It’s a way to get clear about your message, action plan, what resources you need, how you will implement your action plan and of course, what success looks like.


So how to do you get started?


Ask some more questions. And then some more.


In my last post, we got clear about our purpose and asked and answered why we were creating our video and what we wanted to achieve. If you missed it you can read it here.


Now it’s time to ask: Where and how.


When you create a plan for video there’s 5 things you’ll want to focus on ahead of tim

  • Location

  • Audio

  • Lighting

  • Wardrobe, make up, hair

  • Resources, props and other visuals

We are going to cover a lot of ground here, so I created a checklist you can download to follow along.

1. What is the environment like where are you going to shoot your video or photos?

Will you be indoors or outdoors? Studio? Conference Room? You need to consider this when you are thinking about what you’ll wear.

What is the backdrop? If it’s black, then you want to don’t want to wear black or a dark suit because you'll blend in.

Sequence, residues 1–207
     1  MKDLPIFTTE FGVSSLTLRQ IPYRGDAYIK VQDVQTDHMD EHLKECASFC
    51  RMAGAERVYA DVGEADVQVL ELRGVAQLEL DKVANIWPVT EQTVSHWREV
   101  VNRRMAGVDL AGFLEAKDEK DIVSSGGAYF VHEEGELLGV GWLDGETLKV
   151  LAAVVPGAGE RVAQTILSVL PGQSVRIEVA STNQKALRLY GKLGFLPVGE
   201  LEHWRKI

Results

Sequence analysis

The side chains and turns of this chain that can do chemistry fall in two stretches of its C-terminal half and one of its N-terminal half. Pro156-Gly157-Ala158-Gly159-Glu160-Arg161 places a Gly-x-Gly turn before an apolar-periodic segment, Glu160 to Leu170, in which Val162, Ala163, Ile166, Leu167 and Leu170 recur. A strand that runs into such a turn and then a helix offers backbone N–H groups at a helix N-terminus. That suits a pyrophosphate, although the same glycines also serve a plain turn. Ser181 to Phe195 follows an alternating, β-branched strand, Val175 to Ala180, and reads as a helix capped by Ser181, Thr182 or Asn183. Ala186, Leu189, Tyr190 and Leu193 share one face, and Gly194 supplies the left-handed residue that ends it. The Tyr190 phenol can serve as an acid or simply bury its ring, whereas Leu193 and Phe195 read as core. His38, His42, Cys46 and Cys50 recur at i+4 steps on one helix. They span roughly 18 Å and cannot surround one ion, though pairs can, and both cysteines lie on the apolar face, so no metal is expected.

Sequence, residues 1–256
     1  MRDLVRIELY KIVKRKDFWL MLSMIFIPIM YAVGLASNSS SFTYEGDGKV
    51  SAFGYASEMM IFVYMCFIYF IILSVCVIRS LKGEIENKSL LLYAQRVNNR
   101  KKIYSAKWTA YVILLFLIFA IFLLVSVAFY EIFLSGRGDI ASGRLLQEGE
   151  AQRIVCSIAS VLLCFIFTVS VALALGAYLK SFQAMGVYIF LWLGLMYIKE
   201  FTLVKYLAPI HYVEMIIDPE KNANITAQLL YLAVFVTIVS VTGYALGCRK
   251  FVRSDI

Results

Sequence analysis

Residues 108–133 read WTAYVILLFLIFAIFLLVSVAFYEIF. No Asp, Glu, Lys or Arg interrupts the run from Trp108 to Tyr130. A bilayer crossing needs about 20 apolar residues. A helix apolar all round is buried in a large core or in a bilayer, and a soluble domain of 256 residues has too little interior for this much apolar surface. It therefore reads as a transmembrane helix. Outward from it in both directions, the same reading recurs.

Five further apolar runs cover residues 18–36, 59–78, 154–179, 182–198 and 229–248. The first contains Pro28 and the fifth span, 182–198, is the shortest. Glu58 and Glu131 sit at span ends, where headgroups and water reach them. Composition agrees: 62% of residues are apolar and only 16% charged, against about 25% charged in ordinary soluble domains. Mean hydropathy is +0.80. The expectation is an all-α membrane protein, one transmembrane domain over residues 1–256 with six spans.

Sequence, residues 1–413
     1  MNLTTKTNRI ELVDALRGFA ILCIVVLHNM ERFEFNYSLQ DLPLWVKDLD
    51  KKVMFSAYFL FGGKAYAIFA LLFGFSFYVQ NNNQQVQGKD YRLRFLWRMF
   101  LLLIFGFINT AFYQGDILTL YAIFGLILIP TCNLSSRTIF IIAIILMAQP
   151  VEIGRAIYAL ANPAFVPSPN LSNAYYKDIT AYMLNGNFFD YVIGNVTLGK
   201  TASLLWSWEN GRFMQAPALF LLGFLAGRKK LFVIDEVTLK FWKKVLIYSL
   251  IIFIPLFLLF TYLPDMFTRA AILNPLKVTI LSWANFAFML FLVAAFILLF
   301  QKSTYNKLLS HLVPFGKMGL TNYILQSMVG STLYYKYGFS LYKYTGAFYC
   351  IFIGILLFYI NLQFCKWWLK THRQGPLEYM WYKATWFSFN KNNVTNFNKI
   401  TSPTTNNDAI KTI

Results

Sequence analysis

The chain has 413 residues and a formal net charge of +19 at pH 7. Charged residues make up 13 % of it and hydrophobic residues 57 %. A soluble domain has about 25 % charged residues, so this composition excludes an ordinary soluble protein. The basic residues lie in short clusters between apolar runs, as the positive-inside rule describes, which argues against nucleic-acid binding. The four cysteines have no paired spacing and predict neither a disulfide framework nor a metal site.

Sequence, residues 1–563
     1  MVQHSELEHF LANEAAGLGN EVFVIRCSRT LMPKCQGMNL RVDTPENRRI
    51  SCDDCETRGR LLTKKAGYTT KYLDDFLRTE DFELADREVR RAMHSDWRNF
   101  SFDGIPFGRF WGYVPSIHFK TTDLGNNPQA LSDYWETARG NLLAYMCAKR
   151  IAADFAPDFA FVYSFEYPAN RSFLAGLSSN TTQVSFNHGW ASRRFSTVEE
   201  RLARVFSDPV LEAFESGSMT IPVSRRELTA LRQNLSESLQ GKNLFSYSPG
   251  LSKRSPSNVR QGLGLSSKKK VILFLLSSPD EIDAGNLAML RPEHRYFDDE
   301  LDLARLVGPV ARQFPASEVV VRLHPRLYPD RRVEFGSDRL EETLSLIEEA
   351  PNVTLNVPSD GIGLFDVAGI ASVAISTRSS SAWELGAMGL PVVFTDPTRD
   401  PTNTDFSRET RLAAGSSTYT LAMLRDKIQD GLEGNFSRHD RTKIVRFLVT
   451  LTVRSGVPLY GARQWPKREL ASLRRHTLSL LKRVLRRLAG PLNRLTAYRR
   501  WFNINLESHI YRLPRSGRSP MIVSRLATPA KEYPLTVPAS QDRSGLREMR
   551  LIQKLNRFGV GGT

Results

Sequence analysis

How many cameras? One or many? Where will they be located?How large is the room? It matters for staging, wardrobe and sound. And it will make a difference on how you prepare your slides to make sure the folks in the back of the room can see.


If you’re shooting in your home office or going live in the field, you have one camera it matters how it’s positioned.


If you are recording live, how many people are in the audience? Remember in finding our purpose, we asked who is in the audience? Now we want to know how many people will be attending. This will help you prepare mentally and anticipate how you will connect. How much time do you have to speak? Or how long do you want your video to be?


If you are speaking, find out who will introduce you and do they have questions for you or can you provide them? (if they are providing the questions, see if you can get them ahead of time.)It takes the mystery out of game day when you know what your environment will be. It’s hard to plan when you don’t know where you are going.


2. What about audio?

There’s an industry saying, audio without video is radio, and think about how fast you’ll look for something else when the audio is poor. You are far more likely to forgive bad video if you can hear the message clearly. Knowing what type of microphone you will use will ensure good audio.


Considerations: